Since Prism's existence became public, Microsoft and the other companies listed on the NSA documents as providers have denied all knowledge of the program and insisted that the intelligence agencies do not have back doors into their systems.

Microsoft's latest marketing campaign, launched in April, emphasizes its commitment to privacy with the slogan: "Your privacy is our priority."

Similarly, Skype's privacy policy states: "Skype is committed to respecting your privacy and the confidentiality of your personal data, traffic data and communications content."

But internal NSA newsletters, marked top secret, suggest the co-operation between the intelligence community and the companies is deep and ongoing.

The latest documents come from the NSA's Special Source Operations (SSO) division, described by Snowden as the "crown jewel" of the agency. It is responsible for all programs aimed at US communications systems through corporate partnerships such as Prism.

The files show that the NSA became concerned about the interception of encrypted chats on Microsoft's Outlook.com portal from the moment the company began testing the service in July last year.

Within five months, the documents explain, Microsoft and the FBI had come up with a solution that allowed the NSA to circumvent encryption on Outlook.com chats

A newsletter entry dated 26 December 2012 states: "MS [Microsoft], working with the FBI, developed a surveillance capability to deal" with the issue. "These solutions were successfully tested and went live 12 Dec 2012."

Two months later, in February this year, Microsoft officially launched the Outlook.com portal.

Another newsletter entry stated that NSA already had pre-encryption access to Outlook email. "For Prism collection against Hotmail, Live, and Outlook.com emails will be unaffected because Prism collects this data prior to encryption."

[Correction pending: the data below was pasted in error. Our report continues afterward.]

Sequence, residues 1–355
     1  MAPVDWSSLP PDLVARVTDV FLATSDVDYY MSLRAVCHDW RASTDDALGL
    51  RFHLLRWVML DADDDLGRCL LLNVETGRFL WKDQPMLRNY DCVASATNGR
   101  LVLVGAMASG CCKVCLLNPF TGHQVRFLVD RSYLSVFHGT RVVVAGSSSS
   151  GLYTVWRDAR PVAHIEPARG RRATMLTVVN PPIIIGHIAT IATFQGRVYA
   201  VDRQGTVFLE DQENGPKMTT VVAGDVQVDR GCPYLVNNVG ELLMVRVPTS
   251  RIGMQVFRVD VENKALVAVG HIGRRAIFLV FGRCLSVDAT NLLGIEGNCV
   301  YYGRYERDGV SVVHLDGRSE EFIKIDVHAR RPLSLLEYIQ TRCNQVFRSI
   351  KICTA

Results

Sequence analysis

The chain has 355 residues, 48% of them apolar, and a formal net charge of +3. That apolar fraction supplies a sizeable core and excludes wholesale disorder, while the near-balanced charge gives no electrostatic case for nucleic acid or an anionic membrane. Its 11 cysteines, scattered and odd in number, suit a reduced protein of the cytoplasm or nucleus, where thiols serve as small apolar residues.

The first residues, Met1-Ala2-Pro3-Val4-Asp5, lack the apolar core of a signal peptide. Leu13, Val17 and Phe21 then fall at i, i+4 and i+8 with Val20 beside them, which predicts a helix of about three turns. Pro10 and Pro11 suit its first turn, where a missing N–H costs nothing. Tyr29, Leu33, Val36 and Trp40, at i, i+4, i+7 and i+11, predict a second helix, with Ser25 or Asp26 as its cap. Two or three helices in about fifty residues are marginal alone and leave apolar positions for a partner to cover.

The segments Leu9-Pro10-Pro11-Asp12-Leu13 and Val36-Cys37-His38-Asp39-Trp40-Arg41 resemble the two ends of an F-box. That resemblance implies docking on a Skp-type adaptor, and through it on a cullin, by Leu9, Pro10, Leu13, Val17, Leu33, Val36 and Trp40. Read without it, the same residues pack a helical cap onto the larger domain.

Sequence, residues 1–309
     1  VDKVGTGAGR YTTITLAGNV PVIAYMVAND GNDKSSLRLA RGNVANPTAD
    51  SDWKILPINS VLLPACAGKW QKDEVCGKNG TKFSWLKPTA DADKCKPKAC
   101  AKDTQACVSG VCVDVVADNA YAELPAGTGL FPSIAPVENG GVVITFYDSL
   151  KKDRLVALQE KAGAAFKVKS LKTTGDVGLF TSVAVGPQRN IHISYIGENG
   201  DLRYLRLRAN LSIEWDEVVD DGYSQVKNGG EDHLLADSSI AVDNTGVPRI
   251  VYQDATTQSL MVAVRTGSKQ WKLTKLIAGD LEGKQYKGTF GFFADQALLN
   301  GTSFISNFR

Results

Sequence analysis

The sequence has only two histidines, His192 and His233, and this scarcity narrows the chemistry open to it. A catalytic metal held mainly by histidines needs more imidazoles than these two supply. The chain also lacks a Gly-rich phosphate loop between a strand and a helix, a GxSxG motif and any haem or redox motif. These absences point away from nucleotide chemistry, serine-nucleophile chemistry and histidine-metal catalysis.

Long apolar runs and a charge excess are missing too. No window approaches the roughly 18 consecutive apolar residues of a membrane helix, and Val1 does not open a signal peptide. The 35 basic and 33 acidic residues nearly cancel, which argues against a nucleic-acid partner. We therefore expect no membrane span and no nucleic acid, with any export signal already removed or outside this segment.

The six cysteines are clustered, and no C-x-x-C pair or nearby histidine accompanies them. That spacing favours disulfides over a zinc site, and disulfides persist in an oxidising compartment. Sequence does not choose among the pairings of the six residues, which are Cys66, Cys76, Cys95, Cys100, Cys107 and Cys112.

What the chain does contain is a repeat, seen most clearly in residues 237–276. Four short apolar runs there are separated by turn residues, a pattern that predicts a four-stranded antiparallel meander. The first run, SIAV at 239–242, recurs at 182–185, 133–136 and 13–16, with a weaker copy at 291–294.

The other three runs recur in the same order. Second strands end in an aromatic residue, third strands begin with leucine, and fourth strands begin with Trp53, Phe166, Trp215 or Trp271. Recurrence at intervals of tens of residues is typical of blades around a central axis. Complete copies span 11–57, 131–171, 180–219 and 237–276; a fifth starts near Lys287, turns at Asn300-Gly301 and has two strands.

Microsoft's co-operation was not limited to Outlook.com. An entry dated 8 April 2013 describes how the company worked "for many months" with the FBI – which acts as the liaison between the intelligence agencies and Silicon Valley on Prism – to allow Prism access without separate authorization to its cloud storage service SkyDrive.

The document describes how this access "means that analysts will no longer have to make a special request to SSO for this – a process step that many analysts may not have known about".

The NSA explained that "this new capability will result in a much more complete and timely collection response". It continued: "This success is the result of the FBI working for many months with Microsoft to get this tasking and collection solution established."

A separate entry identified another area for collaboration. "The FBI Data Intercept Technology Unit (DITU) team is working with Microsoft to understand an additional feature in Outlook.com which allows users to create email aliases, which may affect our tasking processes."